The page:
Radishes are the red and white stars of my spring pickling classes. If you have more radishes in your garden than you can eat, or if you’re just looking to try something new, I say pickle them!
Here are five reasons radishes are great for ferments.
- First to harvest, first to ferment. I know people who hardly eat radishes, but still plant them because they delight in the crops’ ability to grow quickly. The cheery round ‘Cherry Belle’ radish and longer oblong ‘French Breakfast’ radish are harbingers of the gardening season.
- Radishes can be your starter pickle. Never fermented before? Maybe you’ve heard rumors about how good fermented vegetables are for you. Radishes are easy to pickle or ferment, even if you’re brand-new to fermenting.
- Radishes are incredibly healthy. Eastern medicine recognizes radishes as a spring tonic, great for your liver and gallbladder. Radish aficionados also claim these vegetables aid respiration and help rid our bodies of cold symptoms. They’re high in vitamin C (even higher after they’re fermented). And, as with most fermented probiotic-rich foods, radishes are calming to the digestive system.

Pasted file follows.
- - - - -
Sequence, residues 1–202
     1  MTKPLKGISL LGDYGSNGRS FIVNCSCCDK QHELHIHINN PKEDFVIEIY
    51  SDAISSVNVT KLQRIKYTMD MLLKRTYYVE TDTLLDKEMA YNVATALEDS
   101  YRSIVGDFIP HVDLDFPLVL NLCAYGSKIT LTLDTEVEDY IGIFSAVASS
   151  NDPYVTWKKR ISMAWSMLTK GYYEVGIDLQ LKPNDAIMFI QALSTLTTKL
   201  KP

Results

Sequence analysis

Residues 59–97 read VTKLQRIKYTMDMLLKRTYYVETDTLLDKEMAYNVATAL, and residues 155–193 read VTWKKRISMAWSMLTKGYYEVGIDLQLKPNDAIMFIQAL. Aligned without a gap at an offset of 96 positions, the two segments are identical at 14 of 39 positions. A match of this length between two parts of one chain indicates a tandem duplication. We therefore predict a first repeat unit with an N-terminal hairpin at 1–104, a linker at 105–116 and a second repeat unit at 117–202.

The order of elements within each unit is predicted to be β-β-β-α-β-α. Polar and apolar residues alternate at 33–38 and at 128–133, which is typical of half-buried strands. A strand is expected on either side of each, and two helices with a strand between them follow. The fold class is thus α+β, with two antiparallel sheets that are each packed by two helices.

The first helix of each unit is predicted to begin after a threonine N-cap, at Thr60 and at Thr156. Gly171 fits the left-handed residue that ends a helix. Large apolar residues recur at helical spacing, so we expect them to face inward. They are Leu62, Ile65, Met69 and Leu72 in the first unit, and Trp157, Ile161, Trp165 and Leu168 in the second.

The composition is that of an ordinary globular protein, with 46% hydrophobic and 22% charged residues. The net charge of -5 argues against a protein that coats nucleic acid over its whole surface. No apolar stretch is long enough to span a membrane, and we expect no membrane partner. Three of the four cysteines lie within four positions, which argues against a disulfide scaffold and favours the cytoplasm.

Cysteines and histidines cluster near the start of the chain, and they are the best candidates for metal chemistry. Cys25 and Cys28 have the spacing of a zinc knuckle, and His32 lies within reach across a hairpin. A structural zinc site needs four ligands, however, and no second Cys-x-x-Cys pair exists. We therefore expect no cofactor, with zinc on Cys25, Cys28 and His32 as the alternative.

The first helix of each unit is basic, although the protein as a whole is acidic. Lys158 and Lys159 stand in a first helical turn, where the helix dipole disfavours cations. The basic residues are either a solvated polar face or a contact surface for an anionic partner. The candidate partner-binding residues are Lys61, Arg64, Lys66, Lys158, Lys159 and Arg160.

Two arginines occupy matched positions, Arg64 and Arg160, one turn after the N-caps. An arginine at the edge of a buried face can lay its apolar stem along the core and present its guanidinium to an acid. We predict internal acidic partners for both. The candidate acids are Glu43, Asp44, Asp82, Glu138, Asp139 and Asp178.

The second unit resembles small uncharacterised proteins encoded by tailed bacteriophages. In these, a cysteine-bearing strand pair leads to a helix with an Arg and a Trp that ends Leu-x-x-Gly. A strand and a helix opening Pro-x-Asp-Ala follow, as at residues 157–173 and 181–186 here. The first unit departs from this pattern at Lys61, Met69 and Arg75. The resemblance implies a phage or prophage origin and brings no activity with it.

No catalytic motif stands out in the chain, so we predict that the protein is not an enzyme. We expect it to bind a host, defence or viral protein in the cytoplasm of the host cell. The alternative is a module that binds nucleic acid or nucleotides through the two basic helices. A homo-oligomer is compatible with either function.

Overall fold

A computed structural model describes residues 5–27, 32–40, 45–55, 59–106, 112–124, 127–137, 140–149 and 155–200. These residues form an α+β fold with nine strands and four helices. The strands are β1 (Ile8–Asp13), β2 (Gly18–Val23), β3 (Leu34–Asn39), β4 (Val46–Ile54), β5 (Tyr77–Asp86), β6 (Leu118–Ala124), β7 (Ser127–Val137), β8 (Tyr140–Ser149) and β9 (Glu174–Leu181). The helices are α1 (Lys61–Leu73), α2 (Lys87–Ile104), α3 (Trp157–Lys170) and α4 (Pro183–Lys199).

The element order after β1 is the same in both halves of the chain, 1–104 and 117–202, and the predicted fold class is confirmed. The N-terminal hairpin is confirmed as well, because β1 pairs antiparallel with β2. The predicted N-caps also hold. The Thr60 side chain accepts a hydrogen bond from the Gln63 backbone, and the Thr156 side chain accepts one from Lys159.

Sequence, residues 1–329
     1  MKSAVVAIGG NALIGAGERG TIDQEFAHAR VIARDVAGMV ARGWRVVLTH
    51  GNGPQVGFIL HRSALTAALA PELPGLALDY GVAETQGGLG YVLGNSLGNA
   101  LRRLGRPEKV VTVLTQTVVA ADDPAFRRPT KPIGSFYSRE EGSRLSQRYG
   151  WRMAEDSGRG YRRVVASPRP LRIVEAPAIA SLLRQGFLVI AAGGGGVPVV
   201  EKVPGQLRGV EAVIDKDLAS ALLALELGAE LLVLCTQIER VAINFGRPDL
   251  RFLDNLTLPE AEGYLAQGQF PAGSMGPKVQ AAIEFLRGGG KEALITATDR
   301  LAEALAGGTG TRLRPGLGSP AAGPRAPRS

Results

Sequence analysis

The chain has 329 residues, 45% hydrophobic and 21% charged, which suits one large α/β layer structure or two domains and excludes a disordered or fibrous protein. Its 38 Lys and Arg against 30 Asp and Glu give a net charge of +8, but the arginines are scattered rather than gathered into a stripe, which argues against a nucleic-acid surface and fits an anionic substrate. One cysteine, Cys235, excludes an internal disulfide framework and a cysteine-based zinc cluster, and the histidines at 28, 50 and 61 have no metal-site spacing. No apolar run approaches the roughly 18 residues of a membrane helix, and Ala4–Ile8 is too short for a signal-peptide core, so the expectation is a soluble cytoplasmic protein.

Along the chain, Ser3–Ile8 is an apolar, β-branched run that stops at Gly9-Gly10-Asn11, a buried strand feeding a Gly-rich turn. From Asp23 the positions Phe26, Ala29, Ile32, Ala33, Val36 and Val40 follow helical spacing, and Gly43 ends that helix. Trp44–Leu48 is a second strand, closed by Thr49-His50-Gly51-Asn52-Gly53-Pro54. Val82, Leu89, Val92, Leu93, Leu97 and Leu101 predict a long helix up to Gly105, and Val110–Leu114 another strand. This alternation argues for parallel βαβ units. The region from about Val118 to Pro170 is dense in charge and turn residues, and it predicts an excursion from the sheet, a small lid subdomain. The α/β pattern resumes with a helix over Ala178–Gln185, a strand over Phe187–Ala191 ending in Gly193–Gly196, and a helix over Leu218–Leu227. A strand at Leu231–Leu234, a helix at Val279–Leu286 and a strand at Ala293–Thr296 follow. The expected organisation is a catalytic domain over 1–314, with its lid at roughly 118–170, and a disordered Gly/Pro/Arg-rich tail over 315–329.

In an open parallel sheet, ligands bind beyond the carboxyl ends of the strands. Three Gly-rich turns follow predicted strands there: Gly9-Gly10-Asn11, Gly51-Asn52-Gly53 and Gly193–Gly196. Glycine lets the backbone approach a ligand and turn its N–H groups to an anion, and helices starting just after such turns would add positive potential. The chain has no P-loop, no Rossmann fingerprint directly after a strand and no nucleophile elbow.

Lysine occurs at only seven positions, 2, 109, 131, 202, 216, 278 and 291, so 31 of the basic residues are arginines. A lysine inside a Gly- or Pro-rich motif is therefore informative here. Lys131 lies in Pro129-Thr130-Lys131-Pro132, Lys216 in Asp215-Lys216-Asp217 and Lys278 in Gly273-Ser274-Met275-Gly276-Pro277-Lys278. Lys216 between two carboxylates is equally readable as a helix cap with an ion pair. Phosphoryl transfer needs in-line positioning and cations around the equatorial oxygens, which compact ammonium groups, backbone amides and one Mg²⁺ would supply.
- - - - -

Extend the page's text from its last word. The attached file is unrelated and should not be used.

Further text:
- Fermenting radishes offers variety. While we think of radishes as having strong flavors, in ferments they act as a base for other flavors you dream up. If you’re a kimchi fan, you probably know that most kimchi recipes contain radishes. But did you also know that they can be fermented and sliced thinly to create a radish salad? (See “Radish Fennel Ferment.”) And if you like your radishes plain, fermenting them in a brine will yield simple pickles that are cheeky little bite-sized orbs of effervescence that can be popped straight into your mouth.
- Fermented radishes are tasty. Try fermented radishes at least once, even if you don’t particularly like radishes. It may surprise you how much the flavor changes. For example, that mustardy hot bite that radishes are famous for mellows out, so much so that it’s often unnoticeable once fermented. Fermented radishes stay bright and crunchy for months in the fridge, and the fermentation process captures them at their peak, allowing new layers of flavor to develop.
Keeping fermented radishes in your refrigerator is like having jars of instant salads that are ready to be plated, enjoyed as a side dish, or added to any wrap. Find three recipes below that can help you discover radishes as you’ve never known them before.
Find out more:
Kirsten K. Shockey is the co-author of Miso, Tempeh, Natto & Other Tasty Ferments. Kirsten and her husband began fermenting foods 20 years ago on their 40-acre smallholding, which grew into an organic food company. Read more at FermentWorks. Kirsten is on the editorial board of MOTHER EARTH NEWS’ new sister publication, Fermentation.